Tokyo is a sophisticated and wealthy city.
But just like every city, not every part is sophisticated and wealthy.
Shibuya is a neighborhood on the northwest side of Tokyo. We planned on just a short visit—to cross the “busiest crosswalk in the world” and take a picture with a famous dog statue. But after a long day in Ikebukuro, we decided to make Shibuya our home for the night.
We didn’t plan on it becoming our haunt for 3 days.
We didn’t plan on crossing the busiest crosswalk in the world 10+ times
or chilling by Hachiko because he has the best free wifi.
And yet we did.
That first night we arrived in Shibuya around 8 o’clock and planned to find a “love motel”. Yes that is exactly what you think it is. They are actually quite nice. The sheets are always light colored, I assume so they can be bleached every night. And there are always flatscreen televisions, nice showers (and tubs), and plenty of towels.
We squeezed four girls into a love motel in Busan with no problems, so we just assumed Tokyo would be the same.
Do not assume this.
We knew the love motels wouldn’t be in clear sight, so we got off the subway, crossed the busiest crosswalk in the world, and turned down the first sketchy alleyway. We saw a large red gate and walked under it—just under a hunch. Turns out, we had stumbled on “love motel hill” —a one way paved road up a hill, lined with lovely neon signs advertising their services. “Hotel Diamond” “Le Paris” and “Motel Zero” were the on the main strip and seemed promising enough.
At first we tried honesty because we like to think we are okay people. The three of us walked in and asked for a room, offering to pay a little extra for the third person.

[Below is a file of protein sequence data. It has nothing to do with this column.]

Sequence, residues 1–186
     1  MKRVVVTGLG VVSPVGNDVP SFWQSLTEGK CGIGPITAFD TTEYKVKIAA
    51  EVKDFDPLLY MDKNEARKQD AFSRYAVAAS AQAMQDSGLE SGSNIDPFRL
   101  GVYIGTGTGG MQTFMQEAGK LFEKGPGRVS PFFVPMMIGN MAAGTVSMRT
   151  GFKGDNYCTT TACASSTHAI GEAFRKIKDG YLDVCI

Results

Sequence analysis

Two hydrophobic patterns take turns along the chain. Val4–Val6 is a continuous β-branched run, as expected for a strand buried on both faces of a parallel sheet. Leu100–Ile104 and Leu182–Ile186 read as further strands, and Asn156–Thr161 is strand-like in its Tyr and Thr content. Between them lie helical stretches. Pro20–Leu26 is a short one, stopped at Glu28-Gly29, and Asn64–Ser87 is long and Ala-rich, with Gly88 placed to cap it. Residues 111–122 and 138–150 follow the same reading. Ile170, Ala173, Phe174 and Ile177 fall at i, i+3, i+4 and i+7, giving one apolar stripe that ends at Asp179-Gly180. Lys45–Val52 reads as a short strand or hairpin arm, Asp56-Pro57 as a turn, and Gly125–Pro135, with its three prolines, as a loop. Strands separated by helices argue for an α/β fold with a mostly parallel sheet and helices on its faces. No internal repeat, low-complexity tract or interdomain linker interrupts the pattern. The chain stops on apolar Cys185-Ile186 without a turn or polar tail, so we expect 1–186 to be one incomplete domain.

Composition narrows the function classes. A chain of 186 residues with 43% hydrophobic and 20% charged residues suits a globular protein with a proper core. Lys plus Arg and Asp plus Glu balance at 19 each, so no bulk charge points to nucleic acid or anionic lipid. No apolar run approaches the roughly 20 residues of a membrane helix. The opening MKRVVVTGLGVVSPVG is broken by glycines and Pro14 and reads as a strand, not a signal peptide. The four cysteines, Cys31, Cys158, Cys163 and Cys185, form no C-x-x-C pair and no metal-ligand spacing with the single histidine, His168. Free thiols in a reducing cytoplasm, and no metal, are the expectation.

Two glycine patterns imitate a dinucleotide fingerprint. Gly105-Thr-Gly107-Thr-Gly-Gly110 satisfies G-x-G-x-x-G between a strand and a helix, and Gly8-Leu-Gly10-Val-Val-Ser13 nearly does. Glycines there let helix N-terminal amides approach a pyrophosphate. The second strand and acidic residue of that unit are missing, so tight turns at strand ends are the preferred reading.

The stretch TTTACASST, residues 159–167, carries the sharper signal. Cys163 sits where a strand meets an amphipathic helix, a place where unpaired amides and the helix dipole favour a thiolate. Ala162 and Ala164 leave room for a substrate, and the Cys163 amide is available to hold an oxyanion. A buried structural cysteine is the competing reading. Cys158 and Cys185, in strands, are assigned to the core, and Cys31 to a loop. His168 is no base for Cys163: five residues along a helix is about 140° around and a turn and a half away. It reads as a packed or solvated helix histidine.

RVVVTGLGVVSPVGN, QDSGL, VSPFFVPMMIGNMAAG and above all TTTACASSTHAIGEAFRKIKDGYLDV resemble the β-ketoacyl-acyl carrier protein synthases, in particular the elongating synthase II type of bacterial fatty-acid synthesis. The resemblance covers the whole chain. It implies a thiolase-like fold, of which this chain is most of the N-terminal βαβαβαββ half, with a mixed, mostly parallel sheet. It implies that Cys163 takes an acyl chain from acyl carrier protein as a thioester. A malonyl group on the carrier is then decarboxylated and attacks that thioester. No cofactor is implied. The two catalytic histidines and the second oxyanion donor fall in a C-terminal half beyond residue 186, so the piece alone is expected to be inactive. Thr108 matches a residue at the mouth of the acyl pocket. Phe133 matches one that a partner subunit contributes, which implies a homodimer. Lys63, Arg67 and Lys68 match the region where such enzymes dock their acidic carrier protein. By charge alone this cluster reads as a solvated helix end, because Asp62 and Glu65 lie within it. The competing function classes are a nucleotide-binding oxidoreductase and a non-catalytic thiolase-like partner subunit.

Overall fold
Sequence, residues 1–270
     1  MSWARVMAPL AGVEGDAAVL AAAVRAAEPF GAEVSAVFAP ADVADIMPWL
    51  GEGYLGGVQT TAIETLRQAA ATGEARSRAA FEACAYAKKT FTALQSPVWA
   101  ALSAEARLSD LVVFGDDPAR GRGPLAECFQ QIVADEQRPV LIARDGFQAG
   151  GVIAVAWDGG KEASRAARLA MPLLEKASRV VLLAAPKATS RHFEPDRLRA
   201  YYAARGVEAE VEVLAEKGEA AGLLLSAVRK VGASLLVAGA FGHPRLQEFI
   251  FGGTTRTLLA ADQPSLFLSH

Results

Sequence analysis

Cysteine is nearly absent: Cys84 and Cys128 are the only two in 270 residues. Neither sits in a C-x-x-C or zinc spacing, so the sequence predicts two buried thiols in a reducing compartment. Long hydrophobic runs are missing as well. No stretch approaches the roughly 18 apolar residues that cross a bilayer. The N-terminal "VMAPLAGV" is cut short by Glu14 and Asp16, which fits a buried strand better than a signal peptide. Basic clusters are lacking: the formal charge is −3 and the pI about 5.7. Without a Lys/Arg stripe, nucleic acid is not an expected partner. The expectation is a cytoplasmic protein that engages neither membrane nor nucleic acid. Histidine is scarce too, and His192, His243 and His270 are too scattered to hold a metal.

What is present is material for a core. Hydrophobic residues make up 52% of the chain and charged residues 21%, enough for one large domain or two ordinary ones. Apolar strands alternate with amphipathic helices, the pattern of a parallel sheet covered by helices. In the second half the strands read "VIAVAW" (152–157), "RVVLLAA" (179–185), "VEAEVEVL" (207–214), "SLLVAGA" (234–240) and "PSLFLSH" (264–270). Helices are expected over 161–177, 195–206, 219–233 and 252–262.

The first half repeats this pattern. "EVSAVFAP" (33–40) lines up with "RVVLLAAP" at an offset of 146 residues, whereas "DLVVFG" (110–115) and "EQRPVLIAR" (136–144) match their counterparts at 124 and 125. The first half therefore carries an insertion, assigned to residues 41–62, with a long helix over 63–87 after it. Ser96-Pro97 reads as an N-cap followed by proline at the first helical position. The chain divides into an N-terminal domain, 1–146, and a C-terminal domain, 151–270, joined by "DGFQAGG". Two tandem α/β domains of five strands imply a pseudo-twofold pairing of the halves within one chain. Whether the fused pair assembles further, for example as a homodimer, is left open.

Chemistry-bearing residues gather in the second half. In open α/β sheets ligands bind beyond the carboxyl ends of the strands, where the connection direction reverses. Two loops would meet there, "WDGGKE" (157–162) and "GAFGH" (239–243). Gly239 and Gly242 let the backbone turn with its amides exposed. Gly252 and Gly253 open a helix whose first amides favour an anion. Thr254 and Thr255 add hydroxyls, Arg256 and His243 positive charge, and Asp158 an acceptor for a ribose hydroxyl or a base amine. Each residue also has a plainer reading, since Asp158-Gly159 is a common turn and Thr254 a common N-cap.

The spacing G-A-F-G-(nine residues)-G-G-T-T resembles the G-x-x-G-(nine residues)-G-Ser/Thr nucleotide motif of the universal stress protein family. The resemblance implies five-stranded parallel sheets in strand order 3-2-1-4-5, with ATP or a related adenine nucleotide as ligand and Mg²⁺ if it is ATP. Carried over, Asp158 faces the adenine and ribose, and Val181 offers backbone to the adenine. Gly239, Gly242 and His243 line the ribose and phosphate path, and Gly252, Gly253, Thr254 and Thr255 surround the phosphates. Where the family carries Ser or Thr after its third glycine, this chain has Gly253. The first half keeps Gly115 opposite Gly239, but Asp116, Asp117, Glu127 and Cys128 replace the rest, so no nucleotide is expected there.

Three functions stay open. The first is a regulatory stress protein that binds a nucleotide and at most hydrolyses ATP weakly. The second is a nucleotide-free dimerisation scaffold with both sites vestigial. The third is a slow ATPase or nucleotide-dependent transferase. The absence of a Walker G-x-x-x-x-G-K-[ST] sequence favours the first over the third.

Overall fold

After being turned down by 4 different places (all across the street from each other) we decided that honesty wasn’t the best policy. We didn’t feel that bad…it’s love motel hill. So I was designated the third man out—to wait outside with the suitcases while Silvia and Maria went in to book a room as if it was just the two of them. I stood outside “Fifteen Love”—a two story building with light pink, peeling, stucco walls and “Fifteen Love” scrolled in mauve cursive scrawled across the facade.
5 minutes passed. 10 minutes passed. 15. I was enjoying watching the couples cross the hill and watching the signs change from “open” to “closed.”
But around the 20 minute mark I started to get worried. We had phones but no Japanese service and limited wifi.
What had happened? Were they okay? Had Fifteen Love swallowed them?
This was starting to get not-entertaining. Do I go inside and try to find them—risking the same fate as theirs? Or do I wait here worrying?
Luckily, the moment I reached this conundrum, they appeared from entryway looking like they’d just emerged from a haunted house.
I started to ask but they just quickly and silently shook their heads, grabbed their suitcases from my hands, and Maria mumbled under her breath “wait till we are off the hill.”
We descended down the paved road and to the main strip silent till we found a Family Mart—the Japanese 7/11 (although they also have 7/11) with wifi. We sat down on a ledge and watched dozens of people pass by as they reiterated their story.
Finding a room was not a problem. They had to pay upfront, but it was the cheapest we’d seen so far so they decided to go for it. Cheapest isn’t always the best option.
The room was spatious and the bed could easily fit three girls horizontally. It didn’t have wifi but hey you can’t have everything you want.
They set down backpacks and went to talk to me when they tried the door and…it was locked.
They were locked in.
From the outside.
I wasn’t there so I can’t relay all of the details, but the general feeling radiating from them was horror. Apparently they were knocking on the door and Maria was trying to undo the fire safety at the top and Silvia was playing with the phone on the side. It took 20 minutes of increasing terror until eventually she found the right combination of numbers and got hold of the front desk and begged them to let them out.